Janet Yellen is repeating that this year's downdraft in inflation is likely temporary, the result of one-time factors though she nevertheless concedes the dip is a bit of a "mystery" that the FOMC doesn't fully understand. She expects inflation to move higher and stabilize around the FOMC's 2 percent goal though she conceded here too that there are risks that inflation may continue to run below 2 percent. Yet, citing history, she said tightness in the labor market tends to push up wages over time and with that price inflation along with it.
On balance-sheet unwinding which is set to begin next month, the chair does not see any adjustments outside of the scheduled path. Yet should the economy significantly deteriorate, she said the FOMC could change reinvestment caps, stop rolloffs or resume reinvestment. Barring significant change, however, she prefers to use the federal funds rate as the primary tool to recalibrate policy.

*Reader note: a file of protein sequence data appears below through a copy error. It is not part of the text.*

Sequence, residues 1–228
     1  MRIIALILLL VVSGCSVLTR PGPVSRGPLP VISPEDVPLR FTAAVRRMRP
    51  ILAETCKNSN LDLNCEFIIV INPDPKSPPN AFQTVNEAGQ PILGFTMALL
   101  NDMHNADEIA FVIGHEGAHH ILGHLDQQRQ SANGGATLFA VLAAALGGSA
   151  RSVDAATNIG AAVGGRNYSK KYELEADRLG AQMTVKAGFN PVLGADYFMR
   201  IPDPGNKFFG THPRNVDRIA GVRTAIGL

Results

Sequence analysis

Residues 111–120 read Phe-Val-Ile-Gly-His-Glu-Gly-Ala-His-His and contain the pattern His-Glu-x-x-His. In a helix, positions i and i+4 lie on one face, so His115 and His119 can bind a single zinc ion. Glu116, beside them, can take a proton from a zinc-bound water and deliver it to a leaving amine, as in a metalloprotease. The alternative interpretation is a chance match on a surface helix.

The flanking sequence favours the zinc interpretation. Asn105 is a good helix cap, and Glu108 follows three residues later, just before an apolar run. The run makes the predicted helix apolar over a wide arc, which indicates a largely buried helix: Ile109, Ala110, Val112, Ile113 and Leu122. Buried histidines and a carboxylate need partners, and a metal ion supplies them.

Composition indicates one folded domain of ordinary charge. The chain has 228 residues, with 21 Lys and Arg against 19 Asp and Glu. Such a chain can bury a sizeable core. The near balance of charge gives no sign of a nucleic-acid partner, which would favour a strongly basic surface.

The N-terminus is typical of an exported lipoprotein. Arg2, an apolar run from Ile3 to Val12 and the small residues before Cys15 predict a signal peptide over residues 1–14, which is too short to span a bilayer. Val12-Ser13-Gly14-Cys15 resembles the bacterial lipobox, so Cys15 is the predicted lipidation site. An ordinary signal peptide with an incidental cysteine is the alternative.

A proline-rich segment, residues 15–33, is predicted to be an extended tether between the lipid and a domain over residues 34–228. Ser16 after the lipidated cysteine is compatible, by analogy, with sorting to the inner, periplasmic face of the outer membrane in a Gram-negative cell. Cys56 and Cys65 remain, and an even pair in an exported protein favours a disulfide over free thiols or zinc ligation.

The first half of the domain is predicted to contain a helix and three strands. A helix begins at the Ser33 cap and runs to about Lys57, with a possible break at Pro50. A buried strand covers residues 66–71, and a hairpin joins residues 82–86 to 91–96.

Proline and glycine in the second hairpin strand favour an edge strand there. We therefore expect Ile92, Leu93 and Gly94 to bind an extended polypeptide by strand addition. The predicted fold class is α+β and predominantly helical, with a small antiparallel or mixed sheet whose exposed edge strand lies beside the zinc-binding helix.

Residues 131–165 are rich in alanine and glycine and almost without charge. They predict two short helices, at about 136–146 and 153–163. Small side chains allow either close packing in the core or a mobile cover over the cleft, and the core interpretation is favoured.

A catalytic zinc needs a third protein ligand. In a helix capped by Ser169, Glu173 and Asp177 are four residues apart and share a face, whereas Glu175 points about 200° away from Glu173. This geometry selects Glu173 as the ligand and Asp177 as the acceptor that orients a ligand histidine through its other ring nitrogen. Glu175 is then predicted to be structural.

On employment, she is pleased with progress and describes the 4.4 percent level as "quite low" and notes special progress among minorities who were hit hardest after the financial crisis. On her own future, Yellen said the intends to serve out her term as chair which ends January 31 next year. Even if she is not renominated, she could still stay on as a governor until her 14-year term expires in 2024.